4. Introduced my 10 year old nephew to XWing Miniatures (1.0) this week. Was fun to see that he 'got' it quite easily, despite the 14+ on the box. Or first game we didn't play Target Lock rules (replacing it with barrel rolls instead). Anyway his Luke in an X wing, with R2D2 and a Y-Wing beat my Tie Fighter and my Tie Advanced carrying Darth Vader. Very pleased to pick up a bundle of 1.0 stuff on eBay. £15 got me a starter set, plus tie advanced, tie interceptor, slave one, millennium falcon, Ywing etc. I think that'll be his birthday, and Xmas presents sorted!
  5. I love Snowdonia. It's so good. The deluxe master edition turned up here yesterday. I need to audit the components etc, but I'll be almost sorry to see my original edition go it's been such a good friend. I can't warrant keeping it though. Or the now duplicated expansions I bought for it. Addendum: I do wonder if there's actually a worker placement game that I like more than Snowdonia. Hmm. Also: Tony Boydell, designer, is very funny and was really lovely when I chatted to him at length at ukgames expo a few years ago. I asked him about how he came to have made Igor the Stream Engine game (which struck me as an odd licensed game) and he told me all about it coming out of approaching the Ivor rights holder in order to do a limited run Ivor promo card for Snowdonia. And led to meeting with Peter Firmin (who originally drew Ivor), and him doing lots of new art for the Ivor game. Much to Tony's star-stuck amazement.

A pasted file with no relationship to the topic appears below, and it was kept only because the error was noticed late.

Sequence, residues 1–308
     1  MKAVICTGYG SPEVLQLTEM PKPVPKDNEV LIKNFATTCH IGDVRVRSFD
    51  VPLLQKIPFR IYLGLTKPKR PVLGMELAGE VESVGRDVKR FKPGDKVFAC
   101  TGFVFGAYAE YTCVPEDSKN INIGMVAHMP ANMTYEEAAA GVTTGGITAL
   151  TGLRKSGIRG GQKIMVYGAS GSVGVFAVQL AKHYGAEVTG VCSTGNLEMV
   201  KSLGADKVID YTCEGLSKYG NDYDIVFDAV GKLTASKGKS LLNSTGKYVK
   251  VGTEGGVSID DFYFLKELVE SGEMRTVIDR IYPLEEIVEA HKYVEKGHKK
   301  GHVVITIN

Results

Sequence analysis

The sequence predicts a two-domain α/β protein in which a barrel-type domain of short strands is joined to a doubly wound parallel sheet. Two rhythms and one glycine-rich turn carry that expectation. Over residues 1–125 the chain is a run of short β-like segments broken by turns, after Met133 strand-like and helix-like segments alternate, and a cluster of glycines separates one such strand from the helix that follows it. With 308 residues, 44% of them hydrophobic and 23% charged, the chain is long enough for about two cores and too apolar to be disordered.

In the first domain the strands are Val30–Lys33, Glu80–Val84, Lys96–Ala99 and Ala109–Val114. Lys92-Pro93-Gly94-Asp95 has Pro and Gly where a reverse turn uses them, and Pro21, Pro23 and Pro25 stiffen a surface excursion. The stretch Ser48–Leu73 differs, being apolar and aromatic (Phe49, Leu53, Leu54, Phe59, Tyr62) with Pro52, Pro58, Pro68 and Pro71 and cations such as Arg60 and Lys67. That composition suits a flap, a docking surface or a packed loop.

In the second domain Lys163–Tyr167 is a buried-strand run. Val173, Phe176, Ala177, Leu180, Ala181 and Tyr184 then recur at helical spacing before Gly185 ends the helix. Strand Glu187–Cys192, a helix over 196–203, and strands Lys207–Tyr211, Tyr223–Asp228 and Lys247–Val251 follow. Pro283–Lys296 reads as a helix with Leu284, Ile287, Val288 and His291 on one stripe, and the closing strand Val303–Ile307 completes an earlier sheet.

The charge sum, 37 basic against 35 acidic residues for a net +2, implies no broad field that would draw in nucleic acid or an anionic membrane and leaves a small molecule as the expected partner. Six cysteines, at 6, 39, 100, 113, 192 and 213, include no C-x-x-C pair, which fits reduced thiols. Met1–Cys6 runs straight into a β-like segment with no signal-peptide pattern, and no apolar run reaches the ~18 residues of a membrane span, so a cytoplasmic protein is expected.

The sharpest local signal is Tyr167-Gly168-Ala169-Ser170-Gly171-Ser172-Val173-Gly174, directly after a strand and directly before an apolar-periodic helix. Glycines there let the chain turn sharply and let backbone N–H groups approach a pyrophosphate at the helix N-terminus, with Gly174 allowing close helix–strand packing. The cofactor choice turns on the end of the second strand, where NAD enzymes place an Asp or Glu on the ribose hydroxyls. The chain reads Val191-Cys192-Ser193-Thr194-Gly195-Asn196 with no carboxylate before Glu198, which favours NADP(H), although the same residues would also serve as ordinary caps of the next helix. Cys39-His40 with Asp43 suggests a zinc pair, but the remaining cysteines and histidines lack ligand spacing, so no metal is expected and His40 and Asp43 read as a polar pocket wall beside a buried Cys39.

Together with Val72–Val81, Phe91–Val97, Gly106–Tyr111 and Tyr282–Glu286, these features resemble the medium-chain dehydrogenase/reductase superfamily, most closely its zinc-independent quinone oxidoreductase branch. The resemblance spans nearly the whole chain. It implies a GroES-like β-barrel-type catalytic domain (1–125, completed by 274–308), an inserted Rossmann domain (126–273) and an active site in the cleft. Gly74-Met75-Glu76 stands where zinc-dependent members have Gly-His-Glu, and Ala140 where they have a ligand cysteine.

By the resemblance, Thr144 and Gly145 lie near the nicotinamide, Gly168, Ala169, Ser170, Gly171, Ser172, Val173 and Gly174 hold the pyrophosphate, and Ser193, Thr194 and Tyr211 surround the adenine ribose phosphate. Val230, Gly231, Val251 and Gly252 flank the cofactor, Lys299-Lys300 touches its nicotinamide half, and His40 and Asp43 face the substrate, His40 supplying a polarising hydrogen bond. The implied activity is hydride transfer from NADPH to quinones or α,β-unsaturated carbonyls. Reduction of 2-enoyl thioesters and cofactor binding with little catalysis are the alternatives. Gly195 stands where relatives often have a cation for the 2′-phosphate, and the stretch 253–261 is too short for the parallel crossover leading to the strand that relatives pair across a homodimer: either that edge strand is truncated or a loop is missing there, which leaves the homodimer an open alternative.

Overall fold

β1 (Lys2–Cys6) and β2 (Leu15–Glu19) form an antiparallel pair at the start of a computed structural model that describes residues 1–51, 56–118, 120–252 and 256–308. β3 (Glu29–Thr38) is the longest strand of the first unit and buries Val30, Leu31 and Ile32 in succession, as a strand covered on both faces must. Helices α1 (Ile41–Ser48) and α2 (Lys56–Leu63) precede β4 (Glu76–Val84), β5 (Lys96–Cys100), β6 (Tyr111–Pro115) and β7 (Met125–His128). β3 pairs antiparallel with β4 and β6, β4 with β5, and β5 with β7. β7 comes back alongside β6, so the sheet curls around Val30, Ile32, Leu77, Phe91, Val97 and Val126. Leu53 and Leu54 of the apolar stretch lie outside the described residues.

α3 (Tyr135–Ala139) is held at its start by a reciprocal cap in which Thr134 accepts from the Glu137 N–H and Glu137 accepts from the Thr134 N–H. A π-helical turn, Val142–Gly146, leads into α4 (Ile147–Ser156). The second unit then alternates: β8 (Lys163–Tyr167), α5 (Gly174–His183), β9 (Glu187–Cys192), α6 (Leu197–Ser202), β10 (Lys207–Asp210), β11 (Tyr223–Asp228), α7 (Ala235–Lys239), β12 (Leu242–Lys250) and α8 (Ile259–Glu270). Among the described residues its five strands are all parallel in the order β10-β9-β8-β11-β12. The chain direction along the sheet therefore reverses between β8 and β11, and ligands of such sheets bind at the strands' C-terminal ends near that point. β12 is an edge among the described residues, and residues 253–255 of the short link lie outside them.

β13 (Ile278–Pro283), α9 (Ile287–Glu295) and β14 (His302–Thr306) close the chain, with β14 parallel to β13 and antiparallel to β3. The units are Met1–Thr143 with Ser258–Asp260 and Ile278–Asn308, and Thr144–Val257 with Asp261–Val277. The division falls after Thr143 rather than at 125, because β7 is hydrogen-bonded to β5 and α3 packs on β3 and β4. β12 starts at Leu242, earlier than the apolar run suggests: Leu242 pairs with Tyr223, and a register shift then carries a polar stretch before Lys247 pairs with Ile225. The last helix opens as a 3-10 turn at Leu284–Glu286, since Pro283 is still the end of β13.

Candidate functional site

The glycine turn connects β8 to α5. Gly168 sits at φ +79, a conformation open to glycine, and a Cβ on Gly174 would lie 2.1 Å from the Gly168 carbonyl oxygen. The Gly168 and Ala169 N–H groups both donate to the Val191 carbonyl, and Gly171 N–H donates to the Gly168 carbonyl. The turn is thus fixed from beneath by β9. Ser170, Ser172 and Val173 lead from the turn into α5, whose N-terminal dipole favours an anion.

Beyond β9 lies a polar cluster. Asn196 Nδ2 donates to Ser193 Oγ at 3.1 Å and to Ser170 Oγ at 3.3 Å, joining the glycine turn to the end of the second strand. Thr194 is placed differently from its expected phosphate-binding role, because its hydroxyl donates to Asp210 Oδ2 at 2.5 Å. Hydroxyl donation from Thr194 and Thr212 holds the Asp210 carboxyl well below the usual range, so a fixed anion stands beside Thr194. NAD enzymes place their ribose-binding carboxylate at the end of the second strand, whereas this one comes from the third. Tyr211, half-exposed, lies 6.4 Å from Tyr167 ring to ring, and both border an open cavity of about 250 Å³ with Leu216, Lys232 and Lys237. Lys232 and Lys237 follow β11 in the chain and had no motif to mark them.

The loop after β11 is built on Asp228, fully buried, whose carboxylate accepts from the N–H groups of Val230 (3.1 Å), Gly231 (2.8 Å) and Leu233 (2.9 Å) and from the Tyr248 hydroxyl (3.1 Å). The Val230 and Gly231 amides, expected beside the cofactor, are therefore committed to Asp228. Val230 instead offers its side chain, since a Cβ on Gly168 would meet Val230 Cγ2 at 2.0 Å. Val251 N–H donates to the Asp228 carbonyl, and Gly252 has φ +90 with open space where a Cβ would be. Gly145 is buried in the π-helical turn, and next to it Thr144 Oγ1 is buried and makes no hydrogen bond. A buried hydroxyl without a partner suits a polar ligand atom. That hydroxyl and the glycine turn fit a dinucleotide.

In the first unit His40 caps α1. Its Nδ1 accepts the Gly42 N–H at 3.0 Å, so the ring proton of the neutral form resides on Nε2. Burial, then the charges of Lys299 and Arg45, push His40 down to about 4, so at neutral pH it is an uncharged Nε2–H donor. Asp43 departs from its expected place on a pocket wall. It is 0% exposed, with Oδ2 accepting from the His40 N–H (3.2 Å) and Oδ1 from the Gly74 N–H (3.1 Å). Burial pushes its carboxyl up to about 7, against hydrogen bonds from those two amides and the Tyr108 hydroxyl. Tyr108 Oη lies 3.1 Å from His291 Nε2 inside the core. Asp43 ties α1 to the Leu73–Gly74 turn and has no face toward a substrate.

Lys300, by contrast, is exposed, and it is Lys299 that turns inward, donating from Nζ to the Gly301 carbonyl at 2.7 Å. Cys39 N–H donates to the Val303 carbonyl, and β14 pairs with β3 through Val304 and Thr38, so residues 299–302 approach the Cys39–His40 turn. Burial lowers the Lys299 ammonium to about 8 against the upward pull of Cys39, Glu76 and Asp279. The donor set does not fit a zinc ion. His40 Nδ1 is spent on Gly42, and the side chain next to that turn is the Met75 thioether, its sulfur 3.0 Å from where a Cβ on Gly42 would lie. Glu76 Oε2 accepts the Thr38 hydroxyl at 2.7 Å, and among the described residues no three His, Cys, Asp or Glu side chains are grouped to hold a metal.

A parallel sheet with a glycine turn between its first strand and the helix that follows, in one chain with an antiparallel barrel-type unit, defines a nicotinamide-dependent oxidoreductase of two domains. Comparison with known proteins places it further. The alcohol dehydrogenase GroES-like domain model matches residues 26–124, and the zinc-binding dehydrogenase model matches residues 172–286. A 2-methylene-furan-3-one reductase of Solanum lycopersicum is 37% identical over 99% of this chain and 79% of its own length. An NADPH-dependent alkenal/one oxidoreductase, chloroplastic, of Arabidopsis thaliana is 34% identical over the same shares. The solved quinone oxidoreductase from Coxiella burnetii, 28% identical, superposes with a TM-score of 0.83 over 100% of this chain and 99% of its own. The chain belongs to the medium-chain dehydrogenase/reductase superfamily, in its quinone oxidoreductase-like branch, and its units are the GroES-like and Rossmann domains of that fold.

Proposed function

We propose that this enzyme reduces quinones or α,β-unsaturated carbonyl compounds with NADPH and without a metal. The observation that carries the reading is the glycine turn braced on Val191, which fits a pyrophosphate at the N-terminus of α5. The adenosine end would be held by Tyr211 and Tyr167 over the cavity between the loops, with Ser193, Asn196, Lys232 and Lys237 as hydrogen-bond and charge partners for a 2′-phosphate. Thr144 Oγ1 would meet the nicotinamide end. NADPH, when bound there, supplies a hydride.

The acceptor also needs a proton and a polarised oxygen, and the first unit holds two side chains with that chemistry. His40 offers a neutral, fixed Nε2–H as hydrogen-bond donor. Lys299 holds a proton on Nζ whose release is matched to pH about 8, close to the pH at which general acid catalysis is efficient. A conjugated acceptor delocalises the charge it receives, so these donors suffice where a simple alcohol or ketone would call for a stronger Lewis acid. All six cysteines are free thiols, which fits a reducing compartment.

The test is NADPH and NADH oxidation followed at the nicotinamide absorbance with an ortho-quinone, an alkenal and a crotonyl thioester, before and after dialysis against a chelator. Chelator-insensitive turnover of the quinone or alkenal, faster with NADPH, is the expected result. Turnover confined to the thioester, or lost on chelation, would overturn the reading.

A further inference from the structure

6. That should be alright then. As long as your players aren't obsessed on how to "win". Make it about reflecting back afterwards and laughing about the crazy things that happened on your adventures.
  7. Mine would be to choose who you're playing with carefully. Don't invite super-competitive goal driven player, invite people who enjoy the ride rather than the outcome. (I've one friend like this, he's no longer invited to anything rpg ish)
  8. Well, Mr Robot's first season was excellent. The second season was ... Okay. But really lacked the focus of s1. It's not that I hated the second series, but I wasn't gripped like s1.
  9. Mr Robot Westworld True Blood Heroes None of these great series 1s should have been sullied by the rubbish that came after.
  10. A day of Android Netrunner (just unrevised core). The mind games here, when you know the cards so well, is so much more satisfying than the playing-someone-you've-never -met-and-them-kicking-your-arse-with-cards-you've-never-seen-before.
  11. Everyone Dobbles at some point or another. Moderately interesting story: My co-worker (52 years old) has recently been introduced to the joys of Dobble having meet someone for a date (from some Internet dating site) who brought it along. He was so impressed with it as an icebreaker he bought his own copy (and we had a few games at work) and took it on subsequent first date with another lady... Who also has brought a copy along in the date. Yep, Dobble seems to be the dating accessory of choice. (He and this lady have had further dates. I suspect they have progressed passed playing glorified snap).